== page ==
This story was written by Sarah Hansen and first appeared on news.umbc.edu
UMBC’s Aaron Smith is now thinking “bigger picture” about how his lab’s research can support human health at the molecular level thanks to $1.5 million in new research funding.
Smith, assistant professor of chemistry and biochemistry, focuses on how biological systems take up and process iron. Last winter he received a significant grant for research on developing new antibiotic targets. Now, he’s earned a prestigious $500,000 National Science Foundation CAREER Award and $1 million from the National Institute of General Medical Sciences, a division of the NIH. The work he and his students are doing is at the molecular level, but it has implications for everything from cardiovascular disease to embryonic development.
Opening the molecular toolbox
Smith’s bioinorganic chemistry lab works to understand how metals function in biological systems, with a particular focus on iron. While it may be strange to think about metals functioning in our bodies, they are critical. “For biological systems to expand the types of chemistry that they can do, they need metal ions,” Smith says. “Metals open up the toolbox for the protein to be able to accomplish so much more.”
Aaron Smith works at the hood in his lab.
The NSF and NIH funding will allow Smith’s lab to increase understanding of how iron is involved in adding molecules to proteins after they are made. This process is known as post-translational modification.
“Post-translational modifications are incredibly important,” Smith says. Even the most complex organisms don’t have more than a few tens of thousands of genes that provide instructions for unique proteins, but proteins perform many times that many functions in the body. Post-translational modification “really diversifies the number of functions that proteins can serve,” Smith says.
Smith’s lab is studying a specific post-translational modification called arginylation. An enzyme known as ATE1 carries out arginylation, by attaching the amino acid arginine to proteins. Then, “the arginine functions as a molecular flag that says, ‘I should be degraded,’” Smith explains. The ability to break down the right proteins, and then use their building blocks to rebuild other cellular materials, is crucial for the healthy functioning of our bodies over time.
“ATE1 is very impactful, but we don’t know a lot about how it does what it does,” Smith says. Even the structure of ATE1 is unknown, as well as the mechanism by which it adds arginine to proteins. Smith says his lab has an idea, “but my guess is it’s going to be much more complex when we figure this out.”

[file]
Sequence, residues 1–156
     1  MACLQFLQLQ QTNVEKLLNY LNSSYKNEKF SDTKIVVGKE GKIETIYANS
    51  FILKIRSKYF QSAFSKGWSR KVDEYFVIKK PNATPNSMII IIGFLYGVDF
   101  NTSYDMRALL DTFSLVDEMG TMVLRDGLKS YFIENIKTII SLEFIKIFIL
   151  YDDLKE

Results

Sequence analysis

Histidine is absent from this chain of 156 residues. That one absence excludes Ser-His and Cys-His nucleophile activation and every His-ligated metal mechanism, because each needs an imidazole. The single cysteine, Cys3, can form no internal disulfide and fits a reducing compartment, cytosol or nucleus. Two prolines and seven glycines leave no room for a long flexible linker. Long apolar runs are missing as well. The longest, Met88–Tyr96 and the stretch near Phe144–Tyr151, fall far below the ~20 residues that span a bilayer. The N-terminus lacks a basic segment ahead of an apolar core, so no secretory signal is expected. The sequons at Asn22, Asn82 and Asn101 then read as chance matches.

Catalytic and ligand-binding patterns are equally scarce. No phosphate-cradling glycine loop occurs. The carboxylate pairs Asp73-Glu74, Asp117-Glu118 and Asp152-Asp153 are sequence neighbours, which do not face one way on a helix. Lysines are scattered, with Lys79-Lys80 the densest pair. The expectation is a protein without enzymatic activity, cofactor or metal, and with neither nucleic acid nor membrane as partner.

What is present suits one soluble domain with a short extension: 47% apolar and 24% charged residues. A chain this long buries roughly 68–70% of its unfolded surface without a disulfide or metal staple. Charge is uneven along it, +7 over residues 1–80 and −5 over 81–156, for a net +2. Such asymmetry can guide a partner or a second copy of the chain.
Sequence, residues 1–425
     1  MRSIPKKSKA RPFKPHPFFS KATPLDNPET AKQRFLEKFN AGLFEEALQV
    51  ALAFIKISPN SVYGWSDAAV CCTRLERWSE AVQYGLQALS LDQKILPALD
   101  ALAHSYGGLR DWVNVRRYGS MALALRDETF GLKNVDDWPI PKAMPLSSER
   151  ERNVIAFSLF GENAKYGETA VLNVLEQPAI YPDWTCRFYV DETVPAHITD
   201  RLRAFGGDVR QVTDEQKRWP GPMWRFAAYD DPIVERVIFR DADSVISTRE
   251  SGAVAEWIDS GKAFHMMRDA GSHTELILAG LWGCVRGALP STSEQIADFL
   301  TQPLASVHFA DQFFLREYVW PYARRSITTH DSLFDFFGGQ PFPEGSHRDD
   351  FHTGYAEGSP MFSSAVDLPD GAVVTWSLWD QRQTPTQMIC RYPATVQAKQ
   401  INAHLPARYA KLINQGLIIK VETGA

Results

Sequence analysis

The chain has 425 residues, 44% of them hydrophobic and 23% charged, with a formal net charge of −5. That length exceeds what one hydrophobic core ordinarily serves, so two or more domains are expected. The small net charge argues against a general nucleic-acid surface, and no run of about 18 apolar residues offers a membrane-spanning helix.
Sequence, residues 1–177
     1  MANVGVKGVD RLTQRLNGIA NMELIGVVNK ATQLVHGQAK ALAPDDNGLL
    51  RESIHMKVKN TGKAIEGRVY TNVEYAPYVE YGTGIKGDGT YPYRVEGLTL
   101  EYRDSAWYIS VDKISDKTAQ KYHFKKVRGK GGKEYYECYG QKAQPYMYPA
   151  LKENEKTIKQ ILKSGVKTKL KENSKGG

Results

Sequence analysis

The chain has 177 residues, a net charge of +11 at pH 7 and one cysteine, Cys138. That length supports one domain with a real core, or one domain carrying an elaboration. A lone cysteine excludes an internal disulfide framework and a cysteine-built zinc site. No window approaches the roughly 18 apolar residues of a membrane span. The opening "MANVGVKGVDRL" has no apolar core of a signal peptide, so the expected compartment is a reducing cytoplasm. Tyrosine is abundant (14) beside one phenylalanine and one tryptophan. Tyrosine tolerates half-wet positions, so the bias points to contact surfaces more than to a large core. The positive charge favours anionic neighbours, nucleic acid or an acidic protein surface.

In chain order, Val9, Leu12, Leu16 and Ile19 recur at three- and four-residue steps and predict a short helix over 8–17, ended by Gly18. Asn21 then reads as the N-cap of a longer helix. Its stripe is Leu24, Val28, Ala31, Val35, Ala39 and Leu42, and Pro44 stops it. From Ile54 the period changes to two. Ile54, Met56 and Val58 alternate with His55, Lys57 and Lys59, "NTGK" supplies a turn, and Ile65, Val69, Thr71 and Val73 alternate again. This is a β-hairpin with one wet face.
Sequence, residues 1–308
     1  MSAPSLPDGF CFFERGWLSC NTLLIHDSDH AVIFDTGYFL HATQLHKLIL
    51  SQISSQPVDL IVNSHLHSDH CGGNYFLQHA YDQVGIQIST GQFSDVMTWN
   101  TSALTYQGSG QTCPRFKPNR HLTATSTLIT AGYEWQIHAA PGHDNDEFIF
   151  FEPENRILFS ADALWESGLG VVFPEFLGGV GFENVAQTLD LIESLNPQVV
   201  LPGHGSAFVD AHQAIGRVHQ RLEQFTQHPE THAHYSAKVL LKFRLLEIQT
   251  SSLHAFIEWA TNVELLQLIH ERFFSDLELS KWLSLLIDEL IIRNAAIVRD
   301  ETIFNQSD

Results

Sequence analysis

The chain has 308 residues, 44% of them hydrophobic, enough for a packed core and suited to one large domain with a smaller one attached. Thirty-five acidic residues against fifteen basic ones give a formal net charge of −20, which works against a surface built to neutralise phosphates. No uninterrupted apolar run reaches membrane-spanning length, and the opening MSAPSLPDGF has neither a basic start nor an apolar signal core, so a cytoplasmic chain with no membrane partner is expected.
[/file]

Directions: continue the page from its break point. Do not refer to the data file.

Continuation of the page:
The lab at work.
Smith’s research niche: the atomic level
Research on arginylation is increasing rapidly, and Smith believes his lab has a particular role to play. Most labs are looking at arginylation at the cellular level and up, asking questions like how it affects different processes in a cell or even an entire organism. But Smith is taking things to another level by studying the atomic structure of individual ATE1 enzymes and the proteins they interact with.
“We think that we fit in very nicely in this research space,” Smith says, “We’re filling a niche that remains really uncovered at this point.”
Smith’s group is looking at how ATE1 is regulated, such as how it knows which proteins to add arginine to or how it responds to changes in the cell. They’ve already gotten some promising results related to iron’s role in regulating ATE1. And they’re getting close to revealing the enzyme’s complete molecular structure, which would provide big clues into how it works. The NIH and NSF funding will help answer these questions.
Once the structure and mechanism are in hand, it will be time to explore applications. For example, “Could we think about then making this protein a target for therapeutic development?” Smith asks. “Given how important it is in these various cellular processes, if we understood better the structure and the mechanism, we could think about ways to develop small molecules that could help with diseases associated with arginylation.”
Aaron Smith and Alexandrea Sestok discuss a new instrument.
Representation in research
In addition to aiding the progress of his research, Smith is excited that both grants will allow him to expose more students to bioinorganic chemistry. His CAREER Award proposal “has an additional education component that’s about specifically trying to leverage the diversity efforts already going on here at UMBC, and to help increase diversity in bioinorganic chemistry.”
To that end, Smith will introduce all of the first-year chemistry courses at UMBC to bioinorganic chemistry. He’s also developing a new upper-level elective on bioinorganic chemistry. Smith hopes that by taking the course, students may then “consider going into a research career for a field that they didn’t even know existed, that helps tackle some of the most important chemical transformations on the planet.”
“I’m proud to think that my lab reflects the diversity that we see on UMBC’s campus, and I’m happy to continue moving forward with that,” Smith shares. “It’s important to have a lab that reflects this university and the country, to benefit from a broad range of perspectives and to train the researchers of tomorrow.”
This new funding will significantly expand the opportunities available to Smith and his students, and it’s reshaping how they think about the work. Having strong funding “affords you the ability to imagine more,” he says, “to think bigger picture about different avenues you might pursue.” Now, Smith and his students will be dreaming big as they steward this new research funding to better understand arginylation, metal transport, and their roles in human health.
Banner image: Aaron Smith works with his students in the lab. From left to right: graduate students Alexandrea Sestok, Verna Van, and Nathan Max. All photos by Marlayna Demond ’11 for UMBC.